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On Monday the dollar fell to its lowest since November on bets Federal Reserve Chairman Ben S. Bernanke will signal to Congress the central bank plans to maintain economic stimulus.
The euro rose against the dollar on speculation European Central Bank President Jean-Claude Trichet may indicate this week a readiness to increase borrowing costs.
“The euro more so than any other currency has been driven by fiscal policy divergence as of late,” said Mark McCormick, a currency strategist at Brown Brothers Harriman & Co. “Anything that is the status-quo from Bernanke is probably favorable for the euro. Currencies will be volatile this week trading off rhetoric.”
U.S. consumer spending rose less than forecast in January, accelerating 0.2%, data from the Commerce Department showed today. Another report showed European inflation stayed above the ECB’s 2% target for a second month in January.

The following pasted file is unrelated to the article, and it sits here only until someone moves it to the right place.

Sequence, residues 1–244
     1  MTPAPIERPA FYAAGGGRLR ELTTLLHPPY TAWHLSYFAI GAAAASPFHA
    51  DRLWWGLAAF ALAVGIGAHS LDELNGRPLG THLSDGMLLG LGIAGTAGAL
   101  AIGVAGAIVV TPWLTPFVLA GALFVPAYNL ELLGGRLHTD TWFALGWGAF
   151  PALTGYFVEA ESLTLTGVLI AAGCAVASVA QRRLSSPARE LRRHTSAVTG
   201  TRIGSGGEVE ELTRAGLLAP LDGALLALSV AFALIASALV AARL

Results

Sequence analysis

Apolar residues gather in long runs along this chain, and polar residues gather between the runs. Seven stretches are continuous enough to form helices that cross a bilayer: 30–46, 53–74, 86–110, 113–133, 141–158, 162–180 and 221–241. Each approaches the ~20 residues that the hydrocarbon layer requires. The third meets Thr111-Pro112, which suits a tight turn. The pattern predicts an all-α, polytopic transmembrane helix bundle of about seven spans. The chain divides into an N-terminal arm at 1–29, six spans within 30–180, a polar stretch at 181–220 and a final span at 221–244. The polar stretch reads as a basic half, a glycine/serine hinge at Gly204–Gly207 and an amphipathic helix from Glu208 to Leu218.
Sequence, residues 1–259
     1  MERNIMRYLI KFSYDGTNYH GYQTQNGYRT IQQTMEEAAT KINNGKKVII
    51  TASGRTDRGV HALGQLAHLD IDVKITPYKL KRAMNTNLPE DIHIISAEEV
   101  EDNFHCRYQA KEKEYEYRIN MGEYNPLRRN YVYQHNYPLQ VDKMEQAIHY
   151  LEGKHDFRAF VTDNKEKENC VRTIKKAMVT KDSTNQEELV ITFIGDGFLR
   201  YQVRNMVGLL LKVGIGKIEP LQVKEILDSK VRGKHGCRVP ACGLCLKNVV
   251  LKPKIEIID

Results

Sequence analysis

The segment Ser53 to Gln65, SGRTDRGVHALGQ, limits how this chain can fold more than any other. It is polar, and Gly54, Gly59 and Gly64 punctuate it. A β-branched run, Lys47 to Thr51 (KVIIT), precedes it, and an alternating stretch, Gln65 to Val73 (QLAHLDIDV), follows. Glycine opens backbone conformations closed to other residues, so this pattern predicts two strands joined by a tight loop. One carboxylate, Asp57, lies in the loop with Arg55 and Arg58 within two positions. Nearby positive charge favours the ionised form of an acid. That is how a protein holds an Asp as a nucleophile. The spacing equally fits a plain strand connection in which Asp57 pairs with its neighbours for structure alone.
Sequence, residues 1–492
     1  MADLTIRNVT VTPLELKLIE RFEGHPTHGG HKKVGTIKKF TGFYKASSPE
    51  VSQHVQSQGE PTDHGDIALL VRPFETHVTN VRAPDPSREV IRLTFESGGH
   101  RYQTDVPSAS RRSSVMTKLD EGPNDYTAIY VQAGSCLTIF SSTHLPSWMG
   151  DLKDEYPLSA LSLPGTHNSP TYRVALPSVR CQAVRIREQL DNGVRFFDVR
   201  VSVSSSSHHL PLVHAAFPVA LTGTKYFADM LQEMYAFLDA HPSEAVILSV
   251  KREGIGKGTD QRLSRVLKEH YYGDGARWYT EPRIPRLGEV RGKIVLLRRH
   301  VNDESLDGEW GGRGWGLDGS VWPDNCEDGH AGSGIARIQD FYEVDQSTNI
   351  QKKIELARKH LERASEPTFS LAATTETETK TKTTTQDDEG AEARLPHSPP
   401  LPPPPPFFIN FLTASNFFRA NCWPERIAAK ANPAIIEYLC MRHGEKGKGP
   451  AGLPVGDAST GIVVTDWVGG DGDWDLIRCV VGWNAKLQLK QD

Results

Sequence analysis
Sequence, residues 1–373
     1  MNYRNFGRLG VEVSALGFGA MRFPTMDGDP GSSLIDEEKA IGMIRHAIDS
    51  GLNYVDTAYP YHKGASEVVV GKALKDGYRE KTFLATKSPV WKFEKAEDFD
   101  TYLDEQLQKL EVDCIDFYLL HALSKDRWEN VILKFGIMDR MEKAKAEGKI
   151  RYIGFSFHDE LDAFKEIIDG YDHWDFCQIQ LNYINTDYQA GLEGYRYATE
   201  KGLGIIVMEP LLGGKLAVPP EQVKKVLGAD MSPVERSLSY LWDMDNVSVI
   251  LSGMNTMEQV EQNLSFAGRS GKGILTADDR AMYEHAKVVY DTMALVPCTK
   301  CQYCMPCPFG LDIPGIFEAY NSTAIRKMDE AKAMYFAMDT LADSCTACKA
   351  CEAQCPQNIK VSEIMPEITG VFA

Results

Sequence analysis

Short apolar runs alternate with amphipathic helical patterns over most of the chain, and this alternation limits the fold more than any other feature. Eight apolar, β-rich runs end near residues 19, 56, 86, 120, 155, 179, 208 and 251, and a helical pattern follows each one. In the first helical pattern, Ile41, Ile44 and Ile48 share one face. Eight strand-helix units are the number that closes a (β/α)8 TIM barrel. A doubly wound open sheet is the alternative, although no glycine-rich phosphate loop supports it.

An ECB governing council member, Mario Draghi, said on Feb. 26 that inflation pressures are forcing policy makers to focus more closely on the timing of future interest-rate increases.
The ECB, which has kept its key interest rate at 1% since May 2009, will hold its next policy meeting on March 3.
Bernanke is scheduled to deliver the Fed’s semiannual report on monetary policy tomorrow to the Senate Banking Committee and is due to testify to the House Financial Services Committee the following day. The Fed has kept its benchmark interest rate at zero to 0.25% since December 2008.
Crude oil for April delivery rose as much 2.1% to $99.96 a barrel in New York before trading at $97.88. It rose last week to $103.41, the highest level since September 2008.
Canada’s dollar reached a three-year high versus the greenback after a government report showed the nation’s economy grew at a 3.3% annual pace in the fourth quarter, more than economists forecast.
The currency was headed for a 2.7% rally this month before tomorrow’s meeting of the Bank of Canada, which has expressed concern that its strength may stall growth.
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